"My miracle shoes"
Photographer Mark Kehoe, 54, from west London, thought nothing could be done for his aching fee until he discovered some incredible new shoes. Here, he tells us about the result;
"Problem fee run in my family. Mum had bunions, her father had them, and both my sister and I have them on the both feet. In 2011, I also developed hammer toe in the middle toe of my left foot. That's where it bounces upwards and rubs on my shoe, which sends pain deep into the toe - a nagging, constant pain that's bad enough to make me limp. I've also been plagued by gout in my right foo and I was getting an attack once a month.
"In the past 18 months the pain was getting so bad it was interfering with my ability to work. Both the bunions and the hammer toe can be repaired with surgery, but the bunion on my right foot is so pronounced it would mean seven months of my feet - which in my job is impossible.
"So I'm trying to delay surgery for as long as possible. My consultant, Professor Mark Tagoe at West Middlesex University Hospital, suggested Italian shoes called YDA, which are recommended for anyone that suffers from diabetes, plus an insole created by an orthotics specialist using a 3D scan on my feet, which pushes my toes slightly apart.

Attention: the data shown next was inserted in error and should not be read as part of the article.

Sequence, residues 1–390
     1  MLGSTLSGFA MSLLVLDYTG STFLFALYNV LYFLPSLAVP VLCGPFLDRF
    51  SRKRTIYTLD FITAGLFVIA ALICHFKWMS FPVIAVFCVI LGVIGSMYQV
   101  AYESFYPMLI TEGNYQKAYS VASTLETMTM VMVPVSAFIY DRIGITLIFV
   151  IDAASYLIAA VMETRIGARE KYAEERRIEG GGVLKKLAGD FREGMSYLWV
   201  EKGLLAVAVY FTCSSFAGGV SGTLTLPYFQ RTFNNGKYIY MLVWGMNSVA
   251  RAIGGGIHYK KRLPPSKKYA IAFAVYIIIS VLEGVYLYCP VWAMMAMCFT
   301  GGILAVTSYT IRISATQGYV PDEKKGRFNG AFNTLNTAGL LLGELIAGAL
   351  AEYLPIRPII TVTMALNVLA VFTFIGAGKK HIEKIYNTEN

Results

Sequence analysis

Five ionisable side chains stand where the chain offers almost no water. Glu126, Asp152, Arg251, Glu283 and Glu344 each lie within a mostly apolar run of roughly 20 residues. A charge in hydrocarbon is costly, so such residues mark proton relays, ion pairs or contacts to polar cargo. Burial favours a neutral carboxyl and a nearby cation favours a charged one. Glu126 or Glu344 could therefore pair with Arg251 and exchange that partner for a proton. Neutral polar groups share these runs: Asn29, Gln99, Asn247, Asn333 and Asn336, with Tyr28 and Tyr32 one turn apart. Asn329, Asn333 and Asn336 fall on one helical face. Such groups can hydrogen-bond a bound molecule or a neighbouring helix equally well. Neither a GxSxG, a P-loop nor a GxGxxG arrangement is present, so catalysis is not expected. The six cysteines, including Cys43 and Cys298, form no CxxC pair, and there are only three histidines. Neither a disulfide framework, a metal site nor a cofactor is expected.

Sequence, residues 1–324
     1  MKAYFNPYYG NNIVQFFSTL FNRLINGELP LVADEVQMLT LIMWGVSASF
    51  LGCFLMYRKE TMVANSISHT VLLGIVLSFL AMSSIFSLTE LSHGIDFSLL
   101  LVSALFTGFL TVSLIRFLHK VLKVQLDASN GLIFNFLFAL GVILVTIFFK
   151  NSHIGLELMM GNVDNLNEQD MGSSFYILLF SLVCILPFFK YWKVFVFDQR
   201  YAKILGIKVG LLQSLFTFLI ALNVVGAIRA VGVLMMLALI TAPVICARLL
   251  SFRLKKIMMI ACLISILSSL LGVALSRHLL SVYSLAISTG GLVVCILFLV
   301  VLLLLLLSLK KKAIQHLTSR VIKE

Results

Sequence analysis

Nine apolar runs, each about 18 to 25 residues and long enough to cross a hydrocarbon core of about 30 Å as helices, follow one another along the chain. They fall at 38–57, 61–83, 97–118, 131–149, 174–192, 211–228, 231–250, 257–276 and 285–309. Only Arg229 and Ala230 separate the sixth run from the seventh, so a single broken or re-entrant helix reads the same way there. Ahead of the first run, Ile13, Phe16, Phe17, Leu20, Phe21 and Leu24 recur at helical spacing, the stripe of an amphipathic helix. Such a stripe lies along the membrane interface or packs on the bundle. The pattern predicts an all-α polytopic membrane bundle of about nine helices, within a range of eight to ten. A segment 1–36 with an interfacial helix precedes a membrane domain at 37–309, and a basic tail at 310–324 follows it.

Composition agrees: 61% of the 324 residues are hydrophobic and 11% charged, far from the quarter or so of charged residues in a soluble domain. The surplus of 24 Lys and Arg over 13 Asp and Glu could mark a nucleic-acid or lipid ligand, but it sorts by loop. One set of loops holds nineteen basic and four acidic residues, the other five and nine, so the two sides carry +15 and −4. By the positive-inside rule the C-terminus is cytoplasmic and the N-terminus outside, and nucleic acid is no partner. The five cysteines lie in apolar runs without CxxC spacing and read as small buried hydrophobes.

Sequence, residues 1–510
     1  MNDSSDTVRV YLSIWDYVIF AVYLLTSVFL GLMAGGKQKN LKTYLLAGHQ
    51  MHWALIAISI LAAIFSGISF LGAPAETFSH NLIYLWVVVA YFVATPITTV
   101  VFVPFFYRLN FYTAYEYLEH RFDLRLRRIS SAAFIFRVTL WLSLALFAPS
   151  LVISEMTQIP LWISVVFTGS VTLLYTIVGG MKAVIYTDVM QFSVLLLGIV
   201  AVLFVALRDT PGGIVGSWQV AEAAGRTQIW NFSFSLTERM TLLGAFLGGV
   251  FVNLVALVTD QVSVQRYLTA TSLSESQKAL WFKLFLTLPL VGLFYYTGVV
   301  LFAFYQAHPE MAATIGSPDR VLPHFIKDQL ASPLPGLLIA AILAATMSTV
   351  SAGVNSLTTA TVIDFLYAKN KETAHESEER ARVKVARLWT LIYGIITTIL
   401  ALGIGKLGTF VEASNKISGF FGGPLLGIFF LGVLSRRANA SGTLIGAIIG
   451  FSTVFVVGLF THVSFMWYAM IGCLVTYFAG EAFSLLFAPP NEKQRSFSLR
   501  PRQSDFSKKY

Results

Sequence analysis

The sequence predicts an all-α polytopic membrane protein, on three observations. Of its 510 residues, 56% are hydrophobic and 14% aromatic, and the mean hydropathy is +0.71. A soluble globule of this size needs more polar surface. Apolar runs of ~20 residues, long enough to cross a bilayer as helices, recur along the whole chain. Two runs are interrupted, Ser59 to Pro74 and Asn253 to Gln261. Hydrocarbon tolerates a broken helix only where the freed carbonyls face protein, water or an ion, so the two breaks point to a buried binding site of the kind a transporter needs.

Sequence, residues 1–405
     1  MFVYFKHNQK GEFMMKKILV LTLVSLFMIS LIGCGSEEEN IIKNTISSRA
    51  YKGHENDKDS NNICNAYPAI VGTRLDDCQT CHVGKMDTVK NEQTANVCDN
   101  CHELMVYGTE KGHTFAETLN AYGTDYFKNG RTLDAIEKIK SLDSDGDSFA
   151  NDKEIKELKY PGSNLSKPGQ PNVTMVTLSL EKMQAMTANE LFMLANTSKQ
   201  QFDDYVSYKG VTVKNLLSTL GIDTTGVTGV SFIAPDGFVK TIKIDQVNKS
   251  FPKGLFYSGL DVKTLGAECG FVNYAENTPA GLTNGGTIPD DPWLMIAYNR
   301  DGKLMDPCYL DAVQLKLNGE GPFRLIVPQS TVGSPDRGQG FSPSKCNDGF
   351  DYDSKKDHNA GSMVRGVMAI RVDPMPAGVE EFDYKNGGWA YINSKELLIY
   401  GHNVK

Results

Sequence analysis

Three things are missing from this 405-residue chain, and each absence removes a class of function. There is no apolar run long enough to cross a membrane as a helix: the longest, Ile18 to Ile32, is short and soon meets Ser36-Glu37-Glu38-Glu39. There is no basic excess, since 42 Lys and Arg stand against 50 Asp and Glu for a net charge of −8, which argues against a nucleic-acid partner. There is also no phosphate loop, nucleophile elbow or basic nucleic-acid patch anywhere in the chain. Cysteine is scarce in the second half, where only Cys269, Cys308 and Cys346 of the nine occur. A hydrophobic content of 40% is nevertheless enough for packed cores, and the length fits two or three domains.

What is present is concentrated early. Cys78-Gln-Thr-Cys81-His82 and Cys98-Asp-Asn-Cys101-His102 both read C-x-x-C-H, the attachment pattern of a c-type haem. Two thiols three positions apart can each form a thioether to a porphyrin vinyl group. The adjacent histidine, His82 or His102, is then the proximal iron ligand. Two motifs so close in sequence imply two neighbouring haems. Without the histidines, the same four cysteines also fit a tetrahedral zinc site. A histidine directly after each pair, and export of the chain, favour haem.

"I've been wearing the shoes since August and I can honestly say I've had no foot pain since then and only one gout attack (and that was self-inflicted). I didn't wear them for a couple of weeks to see what would happen and the pain came right back.
"They aren't curing me, because only an operation will do that, but they have staved off an operation. How? I think it's a combination of the roomy toe box, the way they're designed to maximize circulation and the fact they change the forces on the foot when walking to reduce pressure. They even have fiberglass support in the sole.
"I can now walk miles without pain, which I couldn't do before even in my expensive walking shoes. I've even started running again for the first time in two years. An best of all, they just look like normal shoes rather than the British-made clumpy diabetic shoes, which look straight our of a Victorian novel. I call them my miracle shoes.
How to Buy Shoes
- Can you wiggle your toes? You should be able to move them up and down if the toe box of the shoe is wide enough.
- Do you have 1-2cm at the end of your longest toe? This gives feet room to move forwards when we walk.
- Check there's no gap at the heel - it should fit snugly.
- The ideal shoe should have a slightly higher heel that sole - flat ballet pumps are terrible for your feet (there's no arch support and your toes end up clawing to keep them on).
- Always try them on before buying. A size 6 is so rarely the same across brands, especially in the era of cheap, mass-produced shoes.
- Draw a line around your shoe on a piece of paper. Do the same for your foot (in the afternoon/evening when your feet are wider). The shoe outline should be wider than the foot at its widest point.